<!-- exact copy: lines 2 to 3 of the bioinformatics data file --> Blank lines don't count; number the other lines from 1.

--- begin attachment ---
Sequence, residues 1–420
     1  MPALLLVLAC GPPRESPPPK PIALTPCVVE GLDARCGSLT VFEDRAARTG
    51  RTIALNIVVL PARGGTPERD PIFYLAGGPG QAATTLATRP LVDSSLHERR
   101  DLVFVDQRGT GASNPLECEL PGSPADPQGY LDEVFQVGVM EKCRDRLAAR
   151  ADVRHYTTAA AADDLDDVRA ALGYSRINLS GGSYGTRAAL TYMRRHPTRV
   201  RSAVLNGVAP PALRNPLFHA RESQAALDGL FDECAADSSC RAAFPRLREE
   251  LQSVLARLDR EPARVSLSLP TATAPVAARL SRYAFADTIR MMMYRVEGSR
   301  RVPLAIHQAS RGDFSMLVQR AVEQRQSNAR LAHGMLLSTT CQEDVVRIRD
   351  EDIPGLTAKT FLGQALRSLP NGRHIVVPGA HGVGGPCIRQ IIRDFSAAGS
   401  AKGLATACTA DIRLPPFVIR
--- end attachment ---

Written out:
     1  MPALLLVLAC GPPRESPPPK PIALTPCVVE GLDARCGSLT VFEDRAARTG
    51  RTIALNIVVL PARGGTPERD PIFYLAGGPG QAATTLATRP LVDSSLHERR